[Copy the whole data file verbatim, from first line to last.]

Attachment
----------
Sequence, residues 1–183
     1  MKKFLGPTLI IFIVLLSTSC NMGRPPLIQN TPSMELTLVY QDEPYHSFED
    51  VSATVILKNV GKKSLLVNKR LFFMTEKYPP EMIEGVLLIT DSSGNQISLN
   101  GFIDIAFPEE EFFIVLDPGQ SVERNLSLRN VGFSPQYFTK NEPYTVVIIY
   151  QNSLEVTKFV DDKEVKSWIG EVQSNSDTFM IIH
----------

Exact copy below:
Sequence, residues 1–183
     1  MKKFLGPTLI IFIVLLSTSC NMGRPPLIQN TPSMELTLVY QDEPYHSFED
    51  VSATVILKNV GKKSLLVNKR LFFMTEKYPP EMIEGVLLIT DSSGNQISLN
   101  GFIDIAFPEE EFFIVLDPGQ SVERNLSLRN VGFSPQYFTK NEPYTVVIIY
   151  QNSLEVTKFV DDKEVKSWIG EVQSNSDTFM IIH